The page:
Monday, June 15, 2015

Irish - Native American Parallels - 7

Some of the parallels are subtle, and likely could be true of most cultures when considered with another. But I looked deeply into the Irish and the indigenous people of the western hemisphere, ( I will reluctantly use the term of common usage, i.e., "Indian"), simply because they have long been of interest to me.  This posting will consider some of the lesser similarities which I found intriguing.

Both cultures were highly social, and gatherings were enhanced with music and story telling.  Both the Irish ceilidhs and the Indian 'pow-wow, are joyous events.  For the Irish, story telling was the oral process of passing the culture to the next generation.  And each new generation with evolving creativity embellished the stories of heroes and saints, fairies and banshees, and they would never let the truth get in the way of a good story.  Mystical beings populated the stories of both cultures  Leprechauns and the sidhe,fallen angels, harbinger of doom filled the Irish tales, just as the Iroquois tales told of shape changers and little people.  The Indians held that stories help 'shorten the night', and many of the tribes had similar creation stories embedded in their culture over generations, so conversion by early missionaries was a daunting task.  But more on that later.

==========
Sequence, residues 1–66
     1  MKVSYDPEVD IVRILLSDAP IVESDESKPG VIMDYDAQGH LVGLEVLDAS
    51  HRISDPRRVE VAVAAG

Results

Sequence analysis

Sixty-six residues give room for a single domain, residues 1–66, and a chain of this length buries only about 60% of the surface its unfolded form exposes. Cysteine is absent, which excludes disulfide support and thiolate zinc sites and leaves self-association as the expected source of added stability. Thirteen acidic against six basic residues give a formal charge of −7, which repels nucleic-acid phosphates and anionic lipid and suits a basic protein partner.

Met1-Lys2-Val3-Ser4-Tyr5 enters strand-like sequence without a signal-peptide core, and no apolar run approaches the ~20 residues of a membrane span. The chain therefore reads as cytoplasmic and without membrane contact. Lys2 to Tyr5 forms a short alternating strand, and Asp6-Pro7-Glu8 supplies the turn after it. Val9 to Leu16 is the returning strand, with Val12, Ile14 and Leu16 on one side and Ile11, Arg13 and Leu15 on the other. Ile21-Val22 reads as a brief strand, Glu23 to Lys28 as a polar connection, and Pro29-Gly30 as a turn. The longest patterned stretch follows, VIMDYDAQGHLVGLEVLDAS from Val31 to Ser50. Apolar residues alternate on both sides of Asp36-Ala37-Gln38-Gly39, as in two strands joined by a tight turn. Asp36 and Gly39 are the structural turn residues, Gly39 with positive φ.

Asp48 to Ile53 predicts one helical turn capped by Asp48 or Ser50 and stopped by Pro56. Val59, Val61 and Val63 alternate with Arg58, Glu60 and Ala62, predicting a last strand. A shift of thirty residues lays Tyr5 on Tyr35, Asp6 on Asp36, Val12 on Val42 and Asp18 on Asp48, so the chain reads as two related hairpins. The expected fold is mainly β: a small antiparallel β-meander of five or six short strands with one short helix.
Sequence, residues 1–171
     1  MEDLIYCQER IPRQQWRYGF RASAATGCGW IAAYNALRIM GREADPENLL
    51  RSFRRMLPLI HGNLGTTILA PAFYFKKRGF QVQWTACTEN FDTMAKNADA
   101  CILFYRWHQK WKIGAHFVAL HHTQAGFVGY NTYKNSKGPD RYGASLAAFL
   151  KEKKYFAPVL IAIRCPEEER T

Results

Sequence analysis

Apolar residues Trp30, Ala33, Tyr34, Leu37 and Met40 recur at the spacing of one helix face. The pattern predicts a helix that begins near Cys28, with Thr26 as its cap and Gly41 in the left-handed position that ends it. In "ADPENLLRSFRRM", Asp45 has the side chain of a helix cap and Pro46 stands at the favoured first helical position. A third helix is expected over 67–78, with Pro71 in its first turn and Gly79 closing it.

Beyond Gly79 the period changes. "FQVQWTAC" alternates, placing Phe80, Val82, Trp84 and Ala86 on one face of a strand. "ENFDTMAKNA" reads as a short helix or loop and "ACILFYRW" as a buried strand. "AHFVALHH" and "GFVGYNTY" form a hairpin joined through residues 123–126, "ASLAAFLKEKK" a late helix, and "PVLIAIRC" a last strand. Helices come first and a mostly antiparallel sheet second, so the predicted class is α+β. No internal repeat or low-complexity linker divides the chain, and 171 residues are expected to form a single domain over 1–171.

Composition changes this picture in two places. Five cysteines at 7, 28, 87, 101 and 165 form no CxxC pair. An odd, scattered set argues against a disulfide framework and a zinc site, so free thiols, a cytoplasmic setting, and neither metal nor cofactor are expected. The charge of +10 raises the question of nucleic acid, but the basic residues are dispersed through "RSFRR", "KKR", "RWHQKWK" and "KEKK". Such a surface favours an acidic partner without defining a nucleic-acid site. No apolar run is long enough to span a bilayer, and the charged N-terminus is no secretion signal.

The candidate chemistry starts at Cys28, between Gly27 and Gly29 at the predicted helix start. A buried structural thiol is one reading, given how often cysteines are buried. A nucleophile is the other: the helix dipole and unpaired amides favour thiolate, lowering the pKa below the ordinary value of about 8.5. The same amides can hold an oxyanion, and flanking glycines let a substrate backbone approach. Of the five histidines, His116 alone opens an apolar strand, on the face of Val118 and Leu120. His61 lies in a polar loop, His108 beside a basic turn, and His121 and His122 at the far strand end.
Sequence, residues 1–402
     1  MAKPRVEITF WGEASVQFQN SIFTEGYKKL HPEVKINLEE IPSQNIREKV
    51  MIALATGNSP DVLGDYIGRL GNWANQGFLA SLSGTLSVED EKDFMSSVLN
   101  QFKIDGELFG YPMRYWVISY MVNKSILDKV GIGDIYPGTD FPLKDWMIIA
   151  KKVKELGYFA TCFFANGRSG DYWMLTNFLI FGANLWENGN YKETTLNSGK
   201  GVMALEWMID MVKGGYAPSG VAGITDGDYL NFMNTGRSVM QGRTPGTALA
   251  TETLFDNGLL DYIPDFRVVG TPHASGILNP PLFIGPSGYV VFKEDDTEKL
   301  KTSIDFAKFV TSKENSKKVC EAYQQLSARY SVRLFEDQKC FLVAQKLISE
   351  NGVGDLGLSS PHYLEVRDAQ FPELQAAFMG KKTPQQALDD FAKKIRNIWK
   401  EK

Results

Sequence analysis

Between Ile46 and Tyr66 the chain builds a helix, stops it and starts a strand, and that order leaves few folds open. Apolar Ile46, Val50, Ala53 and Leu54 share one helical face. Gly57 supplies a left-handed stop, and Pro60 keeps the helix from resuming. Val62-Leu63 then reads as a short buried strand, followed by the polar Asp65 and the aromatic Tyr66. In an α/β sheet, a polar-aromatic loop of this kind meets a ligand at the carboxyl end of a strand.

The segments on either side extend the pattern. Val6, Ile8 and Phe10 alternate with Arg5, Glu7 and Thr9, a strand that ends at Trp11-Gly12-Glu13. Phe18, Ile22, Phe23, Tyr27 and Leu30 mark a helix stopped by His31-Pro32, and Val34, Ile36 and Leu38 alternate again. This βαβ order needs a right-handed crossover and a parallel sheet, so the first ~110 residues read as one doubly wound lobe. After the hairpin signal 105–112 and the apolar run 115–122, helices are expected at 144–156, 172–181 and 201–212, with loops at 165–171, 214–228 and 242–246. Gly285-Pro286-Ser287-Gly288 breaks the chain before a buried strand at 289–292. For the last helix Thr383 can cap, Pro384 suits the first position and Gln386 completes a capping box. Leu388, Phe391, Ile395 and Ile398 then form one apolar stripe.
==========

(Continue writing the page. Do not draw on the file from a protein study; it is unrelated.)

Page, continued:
The ceilidhs and the pow-wows had to have music.  Singing and chanting added sophistication to the story telling, and instruments added aural enhancement.  And the music helped create a mood for acceptance of spirituality. For the Irish, harps and whistles, bodhrans and fiddles celebrate life and mourn death, and as a call to arms.  Similarly, Drums and whistles, rattles and bells raised the spirits and motivated the Indians to hunt or fight.  And both cultures used music, chanting or keening to aid in entering a state of meditation.  Food at the socials would find bread without yeast. Soda bread for the Irish, and from the woodland tribes in the Southeast, maize bread mixed with a dash of wood ashes.

The gatherings were also to celebrate the changing seasons.Beltane and Lughnasadh festivals in Ireland, and corn dances, rain dances and a dance for a successful hunt in the tribes of the Americas.  The elders at these celebrations were held in high esteem, for it is they that hold the treasured stories.